In the summer of 2007, I began learning to sail, leading to an ongoing passion for competitive yacht racing that has taken me all over the world’s oceans in competitions. In 2009, I learned to scuba dive and became intrigued by all I was learning about the ocean and its essential connections to life on land.
Also in 2009, having acquired a retired German fisheries patrol vessel to convert into a state-of-the-art marine research ship, Eric and I established Schmidt Ocean Institute. This mobile institute, with its flagship vessel, Falkor, launched in 2013, continues to serve as a platform for scientific parties from more than 30 countries, hosting more than 900 scientists to pursue their investigations in exchange for the open sharing of their data. This model of sponsorship and philanthropy fundamentally shifted the way marine science is conducted, with the goal of accelerating our understanding of ocean systems at a critical time for ocean health.
Mongabay: Given your family’s background, it is no surprise that technology is at the heart of some of your initiatives. What technologies are you most excited about in terms of driving change at scale?
Schmidt: We are obviously grounded in our view of technology as a powerful tool for change; spending 35 years in Silicon Valley tends to convince a person that it is possible to change the way we do things fairly rapidly. The iPhone only appeared in 2007 and we’ve only been searching online for information globally for maybe 20 years.
We have an approach to philanthropy that sees money as velocity; it’s energy put towards a goal, whether that’s connecting people to resources like clean energy and healthy food, reimagining processes and delivery systems, or trying to reconcile human economic activity with environmental sustainability and justice.
There is an interesting tension between technology as a powerful tool and the purposes for which it is used, and that always needs to be considered.
As a rule, I think change is driven in small increments before anything ever “scales.” The very notion of “scaling” things is problematic because it ignores the reality that solutions are always local. It’s technocratic thinking to imagine there is a solution to global problems that is universal, one size fits all—apart from something like a vaccine, and even then, there are issues. Technologies are tools, but not simple answers.
Rather than thinking about scaling technology, we approach problems with systems thinking—examine what elements are contributing, and why, and what assumptions underlie the system. Find creative ways—including technology—to redefine the problem you are trying to solve. Then you can move quickly to design a model that addresses what was overlooked before and work towards a more resilient solution.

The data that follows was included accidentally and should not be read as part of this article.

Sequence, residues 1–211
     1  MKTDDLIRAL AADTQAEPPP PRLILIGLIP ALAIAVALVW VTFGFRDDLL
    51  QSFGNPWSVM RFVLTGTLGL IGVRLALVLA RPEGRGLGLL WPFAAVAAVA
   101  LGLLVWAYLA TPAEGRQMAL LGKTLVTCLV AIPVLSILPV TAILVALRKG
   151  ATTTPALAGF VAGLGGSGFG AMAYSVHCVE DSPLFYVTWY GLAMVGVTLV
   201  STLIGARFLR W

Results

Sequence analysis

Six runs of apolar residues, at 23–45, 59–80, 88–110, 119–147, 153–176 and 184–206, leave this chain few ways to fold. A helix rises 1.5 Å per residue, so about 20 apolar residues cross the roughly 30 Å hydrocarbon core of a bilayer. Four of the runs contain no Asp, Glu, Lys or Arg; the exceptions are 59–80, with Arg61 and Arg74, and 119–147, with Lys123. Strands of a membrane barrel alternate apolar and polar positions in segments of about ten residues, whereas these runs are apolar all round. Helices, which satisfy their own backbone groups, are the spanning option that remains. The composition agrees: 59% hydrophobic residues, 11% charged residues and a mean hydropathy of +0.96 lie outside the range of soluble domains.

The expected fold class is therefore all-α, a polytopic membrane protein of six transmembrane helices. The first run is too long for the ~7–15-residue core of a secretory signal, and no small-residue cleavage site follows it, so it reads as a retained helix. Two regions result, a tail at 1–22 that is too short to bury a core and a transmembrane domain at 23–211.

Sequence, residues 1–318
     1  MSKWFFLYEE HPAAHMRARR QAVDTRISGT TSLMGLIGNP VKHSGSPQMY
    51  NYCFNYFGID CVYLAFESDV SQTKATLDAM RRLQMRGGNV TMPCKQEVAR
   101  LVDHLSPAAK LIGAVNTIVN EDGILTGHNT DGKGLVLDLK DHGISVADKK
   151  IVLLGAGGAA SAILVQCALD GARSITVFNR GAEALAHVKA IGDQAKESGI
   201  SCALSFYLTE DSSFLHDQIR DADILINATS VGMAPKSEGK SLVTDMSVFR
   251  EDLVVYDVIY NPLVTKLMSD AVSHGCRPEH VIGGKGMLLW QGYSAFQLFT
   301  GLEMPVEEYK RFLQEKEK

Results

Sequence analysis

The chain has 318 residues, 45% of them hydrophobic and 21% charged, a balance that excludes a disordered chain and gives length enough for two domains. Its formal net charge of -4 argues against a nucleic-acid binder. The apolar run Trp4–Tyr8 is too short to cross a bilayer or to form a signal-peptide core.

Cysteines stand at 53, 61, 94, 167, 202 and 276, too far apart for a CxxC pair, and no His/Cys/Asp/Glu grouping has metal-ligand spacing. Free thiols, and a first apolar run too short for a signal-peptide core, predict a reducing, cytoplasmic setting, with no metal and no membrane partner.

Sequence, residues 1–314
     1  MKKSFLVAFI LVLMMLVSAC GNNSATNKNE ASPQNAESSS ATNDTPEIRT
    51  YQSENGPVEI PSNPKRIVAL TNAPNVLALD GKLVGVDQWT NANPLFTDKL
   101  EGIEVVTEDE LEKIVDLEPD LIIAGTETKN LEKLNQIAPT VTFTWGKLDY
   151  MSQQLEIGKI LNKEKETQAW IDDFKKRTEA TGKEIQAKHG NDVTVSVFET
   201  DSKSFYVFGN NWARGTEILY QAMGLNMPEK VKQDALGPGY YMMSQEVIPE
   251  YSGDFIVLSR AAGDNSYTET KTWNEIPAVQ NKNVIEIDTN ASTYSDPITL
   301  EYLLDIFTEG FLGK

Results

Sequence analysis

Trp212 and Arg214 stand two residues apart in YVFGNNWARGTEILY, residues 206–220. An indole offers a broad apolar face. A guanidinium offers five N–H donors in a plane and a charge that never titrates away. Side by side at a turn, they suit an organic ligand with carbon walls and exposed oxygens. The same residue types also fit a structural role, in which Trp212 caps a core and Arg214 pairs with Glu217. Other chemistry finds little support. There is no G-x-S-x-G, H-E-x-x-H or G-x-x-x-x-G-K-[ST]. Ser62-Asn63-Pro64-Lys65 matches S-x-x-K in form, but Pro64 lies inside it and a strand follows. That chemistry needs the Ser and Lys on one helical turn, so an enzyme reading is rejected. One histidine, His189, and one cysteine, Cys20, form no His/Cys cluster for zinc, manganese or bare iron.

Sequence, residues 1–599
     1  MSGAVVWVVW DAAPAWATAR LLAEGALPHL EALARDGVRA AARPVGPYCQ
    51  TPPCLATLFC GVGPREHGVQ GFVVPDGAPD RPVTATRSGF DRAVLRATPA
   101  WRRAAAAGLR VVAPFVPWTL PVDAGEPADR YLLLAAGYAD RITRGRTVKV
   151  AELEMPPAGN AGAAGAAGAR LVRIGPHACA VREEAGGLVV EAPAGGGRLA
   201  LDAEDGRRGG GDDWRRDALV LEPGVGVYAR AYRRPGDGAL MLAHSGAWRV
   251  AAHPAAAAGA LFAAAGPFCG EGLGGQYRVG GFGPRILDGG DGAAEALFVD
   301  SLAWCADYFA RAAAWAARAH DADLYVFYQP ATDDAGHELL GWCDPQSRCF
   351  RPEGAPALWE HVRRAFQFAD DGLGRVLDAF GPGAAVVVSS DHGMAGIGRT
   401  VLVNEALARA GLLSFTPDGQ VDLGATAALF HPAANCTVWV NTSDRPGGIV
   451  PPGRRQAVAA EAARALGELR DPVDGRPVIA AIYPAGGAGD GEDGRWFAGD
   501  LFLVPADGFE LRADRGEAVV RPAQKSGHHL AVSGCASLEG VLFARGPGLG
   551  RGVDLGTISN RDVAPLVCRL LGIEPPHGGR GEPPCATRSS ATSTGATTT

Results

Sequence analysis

For example, one of our grantees, The Common Market, has been working for several years to combine the resources of local family farms, ranches and dairies to provide healthy food to underserved “food deserts” in several large cities in the United States, including Philadelphia and Atlanta, serving public institutions from schools to food programs. This growing network of local growers has exploded during the COVID-19 pandemic, when the demand for food boxes and food supplies for populations in economic distress grew exponentially. That the network already worked well enabled The Common Market to respond in a unique and organized way to the current crisis, winning the group long-term government contracts that allow all the businesses involved to begin to “scale,” while also improving community public health through the delivery of fresh, nutritious food.
Maybe the lesson is from Silicon Valley, after all: the network is the message.
If we look at the Ocean, we could say the technologies now acting as our eyes, ears and hands in the deep ocean are only in their infancy as they dramatically increase our understanding of ocean systems. It is technology that has enabled us at Schmidt Ocean Institute to map the ocean floor, to explore and discover what was hidden before. New platforms for sensing technologies, like Saildrone, will transform the way we gather information about the state of the Ocean, reaching places and providing long-term measurements in ways conventional ships cannot do because of their size or the expense involved. In this case, technology enables us to do more faster, safer, and at a far lower cost, with the goal of monitoring Ocean health.
Mongabay: Some of the interventions you are embracing to combat climate change and environmental degradation are on the opposite end from technology: for example, the 11th Hour Project has supported regenerative agricultural practices that have been utilized by indigenous peoples for countless generations. How did you wind up prioritizing that area for support and investment?
Schmidt: It’s not a matter of being pro-technology or anti-technology. We should be clear what the technology is for, why we employ it, and then, what its unintended consequences may be.
There are new technologies that help farmers measure soil health, for example, that were not available to the ancestors of indigenous people, but that could be employed today in support of the historic wisdom and practices that sustained indigenous tribes for as long as 15,000 years, through every conceivable condition.
Technology offers us tools we can use to reduce environmental destruction—from advancing renewable energies, to networks of sensors that protect marine life, to machine learning and artificial intelligence applications that can sort through visual data fast enough to show us the work of bad actors that was formerly hard to detect.